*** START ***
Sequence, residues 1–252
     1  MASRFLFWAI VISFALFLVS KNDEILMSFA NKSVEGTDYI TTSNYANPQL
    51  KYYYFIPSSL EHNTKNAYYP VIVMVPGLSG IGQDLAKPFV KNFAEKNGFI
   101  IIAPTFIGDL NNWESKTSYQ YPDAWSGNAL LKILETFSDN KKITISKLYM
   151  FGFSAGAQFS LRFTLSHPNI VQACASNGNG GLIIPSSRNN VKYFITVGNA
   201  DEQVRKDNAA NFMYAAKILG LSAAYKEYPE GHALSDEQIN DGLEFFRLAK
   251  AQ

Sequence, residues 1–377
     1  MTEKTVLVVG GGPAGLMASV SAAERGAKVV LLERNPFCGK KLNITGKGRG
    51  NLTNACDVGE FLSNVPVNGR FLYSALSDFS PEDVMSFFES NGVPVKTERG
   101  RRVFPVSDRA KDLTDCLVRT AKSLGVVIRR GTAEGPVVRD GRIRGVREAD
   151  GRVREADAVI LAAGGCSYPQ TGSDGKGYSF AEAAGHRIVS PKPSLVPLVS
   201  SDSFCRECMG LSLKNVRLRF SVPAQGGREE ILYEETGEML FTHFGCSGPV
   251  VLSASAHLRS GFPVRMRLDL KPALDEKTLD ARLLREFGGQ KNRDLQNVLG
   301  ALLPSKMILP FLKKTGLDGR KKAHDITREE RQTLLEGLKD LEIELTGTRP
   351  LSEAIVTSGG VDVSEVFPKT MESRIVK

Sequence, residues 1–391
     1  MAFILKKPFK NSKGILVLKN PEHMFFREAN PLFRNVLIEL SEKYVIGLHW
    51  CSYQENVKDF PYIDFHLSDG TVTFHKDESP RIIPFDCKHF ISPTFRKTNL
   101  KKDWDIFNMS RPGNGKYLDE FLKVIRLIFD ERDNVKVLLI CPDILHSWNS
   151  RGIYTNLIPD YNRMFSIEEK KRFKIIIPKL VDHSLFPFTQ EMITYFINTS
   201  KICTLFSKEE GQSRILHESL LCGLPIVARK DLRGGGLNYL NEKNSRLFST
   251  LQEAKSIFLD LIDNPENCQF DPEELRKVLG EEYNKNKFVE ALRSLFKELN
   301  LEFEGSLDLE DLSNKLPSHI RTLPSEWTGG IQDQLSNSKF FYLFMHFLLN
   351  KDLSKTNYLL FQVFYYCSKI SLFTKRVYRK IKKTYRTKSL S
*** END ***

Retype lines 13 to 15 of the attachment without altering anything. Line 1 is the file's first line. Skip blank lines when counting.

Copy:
   201  SDSFCRECMG LSLKNVRLRF SVPAQGGREE ILYEETGEML FTHFGCSGPV
   251  VLSASAHLRS GFPVRMRLDL KPALDEKTLD ARLLREFGGQ KNRDLQNVLG
   301  ALLPSKMILP FLKKTGLDGR KKAHDITREE RQTLLEGLKD LEIELTGTRP